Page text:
Thursday, June 29, 2006

The EV1, cont.

Regulars will remember the depressing story of the EV1, the electric car GM made and later killed when the legal requirement it fulfilled was removed.

There's a new documentary coming out called "Who Killed The Electric Car?", and so the EV1 - beloved by its owners, hated by the oil industry (and to a lesser extent, GM itself) - is being revisited. My latest post at Gristmill is about a bizarre quote from the head of Rick Wagoner, who now says that cancelling the EV1 was his worst decision as head of GM. To quote myself:
What's truly upsetting is that by Wagoner's own admission here, cutting the EV1 didn't affect profitability. If Wagoner is to be believed, GM would have been no worse off today (admittedly, no great shakes there) if they'd kept the EV1 going.


People tend to call us paranoid when we suggest that GM killed its own revolutionary design in a gross act of corporate malfeasance -- collusion with oil companies and a fear of obsolescence. It may be just a slip of the tongue, but if Wagoner means what he says, then the conventional explanation -- the EV1 was a money loser -- just became inoperative.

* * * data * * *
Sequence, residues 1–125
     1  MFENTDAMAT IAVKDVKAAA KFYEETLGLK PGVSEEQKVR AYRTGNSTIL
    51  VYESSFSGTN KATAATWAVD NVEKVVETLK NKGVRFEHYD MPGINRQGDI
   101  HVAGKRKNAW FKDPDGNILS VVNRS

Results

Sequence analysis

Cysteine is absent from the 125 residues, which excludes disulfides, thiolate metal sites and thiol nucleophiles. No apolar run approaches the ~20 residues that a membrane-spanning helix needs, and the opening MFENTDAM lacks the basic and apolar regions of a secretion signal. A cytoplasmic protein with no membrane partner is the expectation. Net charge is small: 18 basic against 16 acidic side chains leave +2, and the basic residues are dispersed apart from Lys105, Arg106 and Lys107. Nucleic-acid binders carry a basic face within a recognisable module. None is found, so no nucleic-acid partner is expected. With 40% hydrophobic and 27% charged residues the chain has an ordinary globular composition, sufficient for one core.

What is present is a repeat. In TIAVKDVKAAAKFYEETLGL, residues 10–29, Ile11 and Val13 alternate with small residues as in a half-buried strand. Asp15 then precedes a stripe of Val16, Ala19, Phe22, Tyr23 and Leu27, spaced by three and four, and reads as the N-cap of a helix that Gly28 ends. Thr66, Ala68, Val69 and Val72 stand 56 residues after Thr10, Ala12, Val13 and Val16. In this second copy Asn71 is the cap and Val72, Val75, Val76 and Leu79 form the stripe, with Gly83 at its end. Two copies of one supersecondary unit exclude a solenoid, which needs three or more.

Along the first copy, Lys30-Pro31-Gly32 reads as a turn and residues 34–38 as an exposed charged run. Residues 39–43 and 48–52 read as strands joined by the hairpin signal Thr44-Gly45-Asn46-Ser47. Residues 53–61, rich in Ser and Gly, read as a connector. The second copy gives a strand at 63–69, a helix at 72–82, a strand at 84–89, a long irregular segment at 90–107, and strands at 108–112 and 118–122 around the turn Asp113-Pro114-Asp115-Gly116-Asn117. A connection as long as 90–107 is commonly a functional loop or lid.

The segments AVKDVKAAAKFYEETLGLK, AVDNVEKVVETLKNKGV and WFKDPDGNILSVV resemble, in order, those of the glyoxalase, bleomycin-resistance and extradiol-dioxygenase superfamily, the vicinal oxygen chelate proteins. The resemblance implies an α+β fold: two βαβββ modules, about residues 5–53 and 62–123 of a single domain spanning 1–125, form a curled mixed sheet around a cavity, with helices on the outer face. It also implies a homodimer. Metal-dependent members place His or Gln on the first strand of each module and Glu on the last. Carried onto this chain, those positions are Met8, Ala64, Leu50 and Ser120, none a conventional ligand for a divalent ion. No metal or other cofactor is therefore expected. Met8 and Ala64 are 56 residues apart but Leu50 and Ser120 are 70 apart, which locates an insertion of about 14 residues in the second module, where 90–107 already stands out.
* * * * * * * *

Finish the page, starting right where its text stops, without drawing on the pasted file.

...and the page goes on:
An additional note - that I didn't put in the Gristmill post - is that in 1998, GM was exhibiting a hybrid variant of the EV1 in auto shows that got 80+ mpg, which would have made it the most efficient car in the world, even today.

When GM is bought up by Toyota and sold for scrap, I hope someone remembers that.

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